How do you manage to do Gypsy on two-show days, Wednesdays and Saturdays?
Patti LuPone: They’re hard. I go home on Tuesday night and get up as late as possible on Wednesday, and vocalize as late as possible. I have to have a proper protein meal and sleep; if I don’t, then I’m totally screwed. I’m built for this, but [Rose] is a hard part. I am old…er than most people that play the part. It takes a lot of discipline. And vitamins and protein drinks.
The great musical-theater stars from your generation—you, Bernadette Peters, Betty Buckley—have very specific performance styles. That seems to be less true of the younger generations: Almost nobody has a definable persona. What are your feelings on that?
Patti LuPone: That’s charisma, is what it is. It’s star power. It’s sex appeal. How do you develop that? First of all, you either have it, or you don’t. And I think they elevate people to a level of stardom before they develop their craft or their persona—or they don’t have one, but the marketing develops a star. It’s bad for the industry that the people who are in the star positions aren’t qualified to move an audience, to take the audience on a journey. Audiences need actors who are going to relax them when they sit in the seat. And you can’t do that without experience, and you can’t do that without talent. You need certain things to create the environment for a theatrical experience.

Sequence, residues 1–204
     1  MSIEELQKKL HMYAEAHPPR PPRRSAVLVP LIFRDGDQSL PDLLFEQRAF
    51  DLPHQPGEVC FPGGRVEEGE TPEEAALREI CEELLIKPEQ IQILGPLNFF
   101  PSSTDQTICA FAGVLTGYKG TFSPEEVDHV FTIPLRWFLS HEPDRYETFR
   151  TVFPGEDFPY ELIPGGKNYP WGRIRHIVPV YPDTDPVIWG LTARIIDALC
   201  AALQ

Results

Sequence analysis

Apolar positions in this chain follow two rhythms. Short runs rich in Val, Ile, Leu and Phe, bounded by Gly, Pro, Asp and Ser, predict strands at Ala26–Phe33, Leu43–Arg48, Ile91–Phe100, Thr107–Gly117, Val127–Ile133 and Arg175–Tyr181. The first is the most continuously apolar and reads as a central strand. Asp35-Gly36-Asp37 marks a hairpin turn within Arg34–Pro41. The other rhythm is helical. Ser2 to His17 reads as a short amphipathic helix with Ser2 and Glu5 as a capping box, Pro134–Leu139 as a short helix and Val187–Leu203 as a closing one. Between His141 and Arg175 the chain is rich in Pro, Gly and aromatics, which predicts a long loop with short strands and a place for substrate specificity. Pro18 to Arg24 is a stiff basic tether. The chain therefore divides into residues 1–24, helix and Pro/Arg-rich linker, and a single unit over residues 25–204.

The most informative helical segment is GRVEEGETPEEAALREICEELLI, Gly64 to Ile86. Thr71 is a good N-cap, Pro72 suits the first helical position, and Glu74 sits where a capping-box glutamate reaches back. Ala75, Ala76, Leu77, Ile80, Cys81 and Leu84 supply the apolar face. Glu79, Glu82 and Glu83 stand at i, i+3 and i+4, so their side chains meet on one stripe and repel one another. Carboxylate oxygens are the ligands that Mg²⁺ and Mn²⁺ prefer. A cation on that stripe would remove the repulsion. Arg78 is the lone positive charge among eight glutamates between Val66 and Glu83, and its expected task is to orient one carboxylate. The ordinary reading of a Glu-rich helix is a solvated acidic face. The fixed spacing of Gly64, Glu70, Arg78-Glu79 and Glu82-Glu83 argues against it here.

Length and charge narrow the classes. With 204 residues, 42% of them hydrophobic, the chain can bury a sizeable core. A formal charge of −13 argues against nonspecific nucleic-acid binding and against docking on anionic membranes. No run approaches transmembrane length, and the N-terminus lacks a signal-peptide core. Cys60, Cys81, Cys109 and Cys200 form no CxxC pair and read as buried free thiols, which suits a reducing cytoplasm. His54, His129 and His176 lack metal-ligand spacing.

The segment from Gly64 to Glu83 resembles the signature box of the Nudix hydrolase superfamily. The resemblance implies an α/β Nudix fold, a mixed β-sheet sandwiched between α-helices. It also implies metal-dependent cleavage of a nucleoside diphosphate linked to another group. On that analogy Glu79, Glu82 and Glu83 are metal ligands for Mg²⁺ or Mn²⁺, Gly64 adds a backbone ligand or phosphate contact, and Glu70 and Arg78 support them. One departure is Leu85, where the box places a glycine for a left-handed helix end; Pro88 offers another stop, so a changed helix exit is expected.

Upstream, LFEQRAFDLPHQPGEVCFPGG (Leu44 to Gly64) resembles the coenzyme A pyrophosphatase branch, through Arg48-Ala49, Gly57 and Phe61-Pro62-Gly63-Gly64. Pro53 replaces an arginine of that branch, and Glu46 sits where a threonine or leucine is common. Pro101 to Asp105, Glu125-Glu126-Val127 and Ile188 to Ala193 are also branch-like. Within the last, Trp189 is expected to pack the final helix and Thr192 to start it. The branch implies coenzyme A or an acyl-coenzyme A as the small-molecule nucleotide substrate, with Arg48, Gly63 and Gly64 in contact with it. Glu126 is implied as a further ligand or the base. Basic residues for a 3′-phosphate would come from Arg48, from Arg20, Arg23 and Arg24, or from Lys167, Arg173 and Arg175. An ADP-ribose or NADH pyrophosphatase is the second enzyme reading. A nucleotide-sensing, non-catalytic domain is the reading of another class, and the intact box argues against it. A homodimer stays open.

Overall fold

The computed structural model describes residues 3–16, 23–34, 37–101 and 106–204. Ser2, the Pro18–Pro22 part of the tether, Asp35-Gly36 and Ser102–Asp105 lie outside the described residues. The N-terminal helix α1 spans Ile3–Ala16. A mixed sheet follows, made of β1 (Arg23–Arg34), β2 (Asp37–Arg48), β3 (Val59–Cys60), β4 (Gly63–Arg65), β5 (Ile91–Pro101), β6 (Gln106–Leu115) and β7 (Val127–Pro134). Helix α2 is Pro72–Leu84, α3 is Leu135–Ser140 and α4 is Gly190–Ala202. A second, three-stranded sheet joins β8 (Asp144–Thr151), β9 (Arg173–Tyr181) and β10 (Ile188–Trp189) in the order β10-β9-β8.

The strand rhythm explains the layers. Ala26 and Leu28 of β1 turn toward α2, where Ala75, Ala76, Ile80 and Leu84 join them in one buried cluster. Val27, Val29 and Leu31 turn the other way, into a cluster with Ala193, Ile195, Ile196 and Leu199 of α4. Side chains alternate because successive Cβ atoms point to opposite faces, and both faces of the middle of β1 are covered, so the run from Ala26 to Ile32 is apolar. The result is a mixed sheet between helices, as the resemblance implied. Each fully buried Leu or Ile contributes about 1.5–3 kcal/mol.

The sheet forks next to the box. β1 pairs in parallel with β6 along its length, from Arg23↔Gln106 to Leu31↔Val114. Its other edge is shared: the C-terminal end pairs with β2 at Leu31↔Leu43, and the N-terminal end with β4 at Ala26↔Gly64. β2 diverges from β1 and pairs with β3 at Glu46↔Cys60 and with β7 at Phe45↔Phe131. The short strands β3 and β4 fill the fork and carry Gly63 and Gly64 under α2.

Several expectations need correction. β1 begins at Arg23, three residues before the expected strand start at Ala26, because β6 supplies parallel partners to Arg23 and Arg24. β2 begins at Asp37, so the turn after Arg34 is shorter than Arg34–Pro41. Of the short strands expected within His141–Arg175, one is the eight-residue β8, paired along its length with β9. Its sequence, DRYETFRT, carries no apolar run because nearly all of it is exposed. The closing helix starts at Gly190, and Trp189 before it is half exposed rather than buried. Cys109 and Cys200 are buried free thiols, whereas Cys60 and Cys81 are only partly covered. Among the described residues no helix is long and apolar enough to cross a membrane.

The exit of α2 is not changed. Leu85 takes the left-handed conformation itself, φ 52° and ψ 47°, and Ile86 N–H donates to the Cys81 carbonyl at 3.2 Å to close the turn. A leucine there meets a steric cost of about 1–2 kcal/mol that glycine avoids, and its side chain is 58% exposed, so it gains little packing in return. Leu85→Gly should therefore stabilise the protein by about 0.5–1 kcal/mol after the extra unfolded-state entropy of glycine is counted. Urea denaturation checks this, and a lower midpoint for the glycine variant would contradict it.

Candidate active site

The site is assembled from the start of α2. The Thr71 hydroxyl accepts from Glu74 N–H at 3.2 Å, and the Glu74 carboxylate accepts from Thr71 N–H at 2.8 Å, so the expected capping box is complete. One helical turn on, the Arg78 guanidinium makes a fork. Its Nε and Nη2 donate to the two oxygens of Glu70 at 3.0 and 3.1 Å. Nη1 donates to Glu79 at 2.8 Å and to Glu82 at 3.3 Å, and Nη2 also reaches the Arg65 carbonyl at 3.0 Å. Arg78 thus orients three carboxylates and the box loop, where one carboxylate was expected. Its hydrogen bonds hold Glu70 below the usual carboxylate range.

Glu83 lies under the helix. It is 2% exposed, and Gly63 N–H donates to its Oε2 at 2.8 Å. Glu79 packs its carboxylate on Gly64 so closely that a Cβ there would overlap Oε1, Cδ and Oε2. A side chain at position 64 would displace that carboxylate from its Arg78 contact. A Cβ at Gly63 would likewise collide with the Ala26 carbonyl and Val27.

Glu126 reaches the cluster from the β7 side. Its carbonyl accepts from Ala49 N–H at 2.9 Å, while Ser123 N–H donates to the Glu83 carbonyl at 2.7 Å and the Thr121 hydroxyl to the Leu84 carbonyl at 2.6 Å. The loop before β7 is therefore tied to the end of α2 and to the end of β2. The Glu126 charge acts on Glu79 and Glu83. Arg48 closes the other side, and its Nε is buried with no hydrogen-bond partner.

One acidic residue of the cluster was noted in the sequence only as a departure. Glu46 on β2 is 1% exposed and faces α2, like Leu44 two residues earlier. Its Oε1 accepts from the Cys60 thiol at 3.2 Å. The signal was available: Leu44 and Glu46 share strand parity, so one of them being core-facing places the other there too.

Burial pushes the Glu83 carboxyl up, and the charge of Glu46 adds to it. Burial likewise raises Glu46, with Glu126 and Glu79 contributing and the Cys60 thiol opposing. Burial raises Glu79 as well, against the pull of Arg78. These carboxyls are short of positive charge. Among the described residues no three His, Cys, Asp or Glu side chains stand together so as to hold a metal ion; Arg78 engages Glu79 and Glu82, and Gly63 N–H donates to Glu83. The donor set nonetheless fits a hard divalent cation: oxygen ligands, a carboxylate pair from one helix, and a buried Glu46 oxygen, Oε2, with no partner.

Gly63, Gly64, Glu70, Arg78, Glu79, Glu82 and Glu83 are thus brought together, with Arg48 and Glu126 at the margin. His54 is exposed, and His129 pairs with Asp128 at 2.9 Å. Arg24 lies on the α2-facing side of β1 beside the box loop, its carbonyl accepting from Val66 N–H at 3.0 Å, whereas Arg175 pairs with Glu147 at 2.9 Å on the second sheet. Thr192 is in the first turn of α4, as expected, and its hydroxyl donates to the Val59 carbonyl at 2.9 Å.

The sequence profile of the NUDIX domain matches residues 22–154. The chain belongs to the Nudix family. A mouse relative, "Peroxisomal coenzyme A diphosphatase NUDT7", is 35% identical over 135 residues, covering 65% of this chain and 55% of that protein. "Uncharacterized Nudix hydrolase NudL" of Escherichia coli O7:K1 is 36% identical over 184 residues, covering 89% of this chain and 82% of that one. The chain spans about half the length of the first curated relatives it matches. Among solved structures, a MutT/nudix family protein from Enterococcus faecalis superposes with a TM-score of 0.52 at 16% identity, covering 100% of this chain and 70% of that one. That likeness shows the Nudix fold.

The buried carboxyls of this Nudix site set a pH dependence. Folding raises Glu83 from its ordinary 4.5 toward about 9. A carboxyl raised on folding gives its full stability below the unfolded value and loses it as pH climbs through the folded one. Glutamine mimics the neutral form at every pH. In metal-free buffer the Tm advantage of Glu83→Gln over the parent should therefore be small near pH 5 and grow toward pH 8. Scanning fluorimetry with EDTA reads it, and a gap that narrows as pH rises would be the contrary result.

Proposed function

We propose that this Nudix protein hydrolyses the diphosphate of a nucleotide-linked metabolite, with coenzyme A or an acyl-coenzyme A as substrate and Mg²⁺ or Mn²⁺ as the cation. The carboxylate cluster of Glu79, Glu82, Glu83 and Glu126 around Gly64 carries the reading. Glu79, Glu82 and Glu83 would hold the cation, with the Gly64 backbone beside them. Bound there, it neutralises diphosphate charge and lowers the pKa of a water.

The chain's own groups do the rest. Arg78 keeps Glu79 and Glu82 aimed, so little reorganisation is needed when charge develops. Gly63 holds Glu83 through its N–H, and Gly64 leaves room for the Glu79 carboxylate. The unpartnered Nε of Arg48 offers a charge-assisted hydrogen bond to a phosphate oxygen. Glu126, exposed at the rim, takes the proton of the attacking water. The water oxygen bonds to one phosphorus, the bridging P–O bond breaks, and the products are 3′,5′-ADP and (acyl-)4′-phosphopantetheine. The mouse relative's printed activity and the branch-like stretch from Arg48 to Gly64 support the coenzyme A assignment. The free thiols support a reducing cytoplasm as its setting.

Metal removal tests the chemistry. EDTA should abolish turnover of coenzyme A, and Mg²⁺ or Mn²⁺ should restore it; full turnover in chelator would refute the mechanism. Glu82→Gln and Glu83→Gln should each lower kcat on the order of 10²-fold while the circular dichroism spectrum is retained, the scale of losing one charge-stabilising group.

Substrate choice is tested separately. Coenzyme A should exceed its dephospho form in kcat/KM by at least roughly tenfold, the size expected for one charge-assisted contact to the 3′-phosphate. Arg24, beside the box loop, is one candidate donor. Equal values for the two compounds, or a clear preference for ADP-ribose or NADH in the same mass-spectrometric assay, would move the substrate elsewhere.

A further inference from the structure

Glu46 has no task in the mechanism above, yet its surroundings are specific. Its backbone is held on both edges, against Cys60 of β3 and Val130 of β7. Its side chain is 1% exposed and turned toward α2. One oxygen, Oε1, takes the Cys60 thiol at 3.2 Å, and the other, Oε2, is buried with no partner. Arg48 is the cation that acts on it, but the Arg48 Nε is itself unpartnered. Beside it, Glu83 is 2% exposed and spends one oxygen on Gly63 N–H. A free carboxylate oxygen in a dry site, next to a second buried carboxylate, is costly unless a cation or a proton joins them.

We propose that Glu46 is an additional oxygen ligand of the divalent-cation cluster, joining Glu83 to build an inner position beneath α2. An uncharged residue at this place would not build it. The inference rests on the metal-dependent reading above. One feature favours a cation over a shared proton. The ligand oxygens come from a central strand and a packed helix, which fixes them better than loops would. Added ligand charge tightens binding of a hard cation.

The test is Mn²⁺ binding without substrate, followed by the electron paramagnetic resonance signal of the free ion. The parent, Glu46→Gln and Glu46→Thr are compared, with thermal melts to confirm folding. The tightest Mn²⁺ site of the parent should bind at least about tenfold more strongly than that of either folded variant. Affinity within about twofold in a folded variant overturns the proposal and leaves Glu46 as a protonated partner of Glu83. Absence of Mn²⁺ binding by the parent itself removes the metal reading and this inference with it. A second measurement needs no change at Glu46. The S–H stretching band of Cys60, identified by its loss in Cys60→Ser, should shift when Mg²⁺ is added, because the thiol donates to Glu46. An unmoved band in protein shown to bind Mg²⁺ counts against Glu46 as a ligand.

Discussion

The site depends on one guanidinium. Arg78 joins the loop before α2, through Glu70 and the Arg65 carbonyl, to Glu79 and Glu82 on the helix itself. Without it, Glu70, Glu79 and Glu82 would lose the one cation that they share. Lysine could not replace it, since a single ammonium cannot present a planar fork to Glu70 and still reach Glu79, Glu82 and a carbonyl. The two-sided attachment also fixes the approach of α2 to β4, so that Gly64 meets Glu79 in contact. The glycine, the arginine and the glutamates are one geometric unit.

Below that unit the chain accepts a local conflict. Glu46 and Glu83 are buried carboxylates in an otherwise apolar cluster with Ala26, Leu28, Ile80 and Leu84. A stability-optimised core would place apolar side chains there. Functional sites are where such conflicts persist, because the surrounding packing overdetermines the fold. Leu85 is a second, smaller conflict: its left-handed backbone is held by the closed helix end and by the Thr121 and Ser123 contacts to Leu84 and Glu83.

Many actors these days give studied, contained performances that do what they’re supposed to do but don’t risk anything beyond than that. But you seem willing to go to bigger, riskier places. Is that built into the way that you are?
Patti LuPone: Yes. And it’s been a struggle my entire career. It’s not acceptable in this country. Who I am, my face, my persona, if you want to call it that, is at home and comfortable and anonymous in Italy. In America, it stands out, because it’s raw, it’s big, it’s emotional. My face is raw, big and emotional. It didn’t work for the longest time. All my career, I’ve said this: Critics and producers think audiences want actors that only present the silhouette, and hit the points in the silhouette. What I do is too dangerous. I guess it isn’t anymore. [Laughs] I guess it’s okay. Look at the audience’s response in Gypsy! And I’m not holding anything back.
Is your personal life is as dramatic as your stage life?
Patti LuPone: [To her son] Josh, Adam wants to know if my personal life is as dramatic as my stage life.
Josh: Of course not! Of course not, Mom! Now when do I get my money?
Patti LuPone: [Laughs] I dare you to print that!
Next: Kelly Reichardt >
The New York 40:
Kiki & Herb
Philip Seymour Hoffman
Upright Citizens Brigade